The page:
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Wood Sorrel

Oxalis acetosella

Plant Data

Order:
Oxalidales
Family:
Oxalidaceae (Wood Sorrel)
Flowering Months:
JAN  FEB  MAR  APR  MAY  JUN  JUL  AUG  SEP  OCT  NOV  DEC
Flowers:
White with lilac veins, 5 petals and long-stalked.
Fruit:
Roughly round, 5 sided, furrowed and pale green capsule.
Leaves:
Evergreen. Long-stalked, pale green leaves in a basal rosette. The leaves are divided into 3 leaflets, each leaflet being heart-shaped with a notch cut in the end. The leaves are occasionally purplish beneath.
Maximum Size:
10cm tall.
Foraging Notes:
The leaves are edible, raw or cooked. They contain oxalic acid which gives them their apple-like flavour. They can be added to salads and soups. The flowers can be eaten raw too. This plant is mildly toxic but can be eaten in small quantities without doing you any harm.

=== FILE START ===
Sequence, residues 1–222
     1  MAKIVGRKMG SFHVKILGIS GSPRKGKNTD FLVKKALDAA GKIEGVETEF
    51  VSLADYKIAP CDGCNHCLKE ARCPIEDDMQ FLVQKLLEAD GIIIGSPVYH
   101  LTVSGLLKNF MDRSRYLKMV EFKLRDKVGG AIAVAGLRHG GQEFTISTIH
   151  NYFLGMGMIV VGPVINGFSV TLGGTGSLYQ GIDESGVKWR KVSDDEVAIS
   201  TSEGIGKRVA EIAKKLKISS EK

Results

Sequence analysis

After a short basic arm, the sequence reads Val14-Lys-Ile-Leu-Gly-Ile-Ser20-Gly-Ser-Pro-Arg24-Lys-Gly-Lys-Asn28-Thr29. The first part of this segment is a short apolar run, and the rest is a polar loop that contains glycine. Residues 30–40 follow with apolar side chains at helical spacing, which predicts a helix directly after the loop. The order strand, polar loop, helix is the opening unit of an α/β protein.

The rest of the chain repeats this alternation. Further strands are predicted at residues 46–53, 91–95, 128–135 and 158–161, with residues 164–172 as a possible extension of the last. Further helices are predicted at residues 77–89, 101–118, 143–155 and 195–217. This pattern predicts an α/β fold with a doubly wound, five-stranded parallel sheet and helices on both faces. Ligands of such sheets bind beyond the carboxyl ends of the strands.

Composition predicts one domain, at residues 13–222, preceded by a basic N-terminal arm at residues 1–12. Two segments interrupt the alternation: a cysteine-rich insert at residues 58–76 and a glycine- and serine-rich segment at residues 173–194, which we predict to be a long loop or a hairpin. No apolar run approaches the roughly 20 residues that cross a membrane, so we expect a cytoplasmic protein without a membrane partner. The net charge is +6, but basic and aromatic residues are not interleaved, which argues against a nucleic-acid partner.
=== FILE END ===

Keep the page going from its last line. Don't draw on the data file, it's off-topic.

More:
Never consume a wild plant unless you are 100% certain that it is safe to eat and you know that you have identified it correctly.
Other Names:
Bird's Bread-and-Cheese, Bread-and-Cheese, Butter and Eggs, Candle-of-the-Woods, Common Wood Sorrel, Cuckoo Bread, Cuckoo Meat, Cuckoo Sorrel, Cuckooflower, Cuckoo's Bread-and-Cheese, Cups and Saucers, Fairy Bells, False Shamrock, Fox's Meat, French Sorrel, God Almighty's Bread-and-Cheese, Good Luck, Gowk Meat, Granny's Sour Grass, Green Sauce, Green Sob, Hallelujah, Hearts, King Finger, Lady's Clover, Laverocks, Little Gentle One, Marsh Clover, Salt Cellar, Shamrock, Sleeping Beauty, Sleeping Clover, Sleeping Molly, Sour Dab, Sour Shamrock, Sourgrass, Sow Trefoil, St Cecilia's Flower, St Patrick's Cross, Stabwort, Stickwort, Stubwort, Three-leaved Grass, White Sorrel, White Wood Sorrel, Whitsun Flower, Wild Shamrock, Wood Ash, Wood Sour, Wood Sower.
Habitats:
Grassland, hedgerows, mountains, swamps, woodland.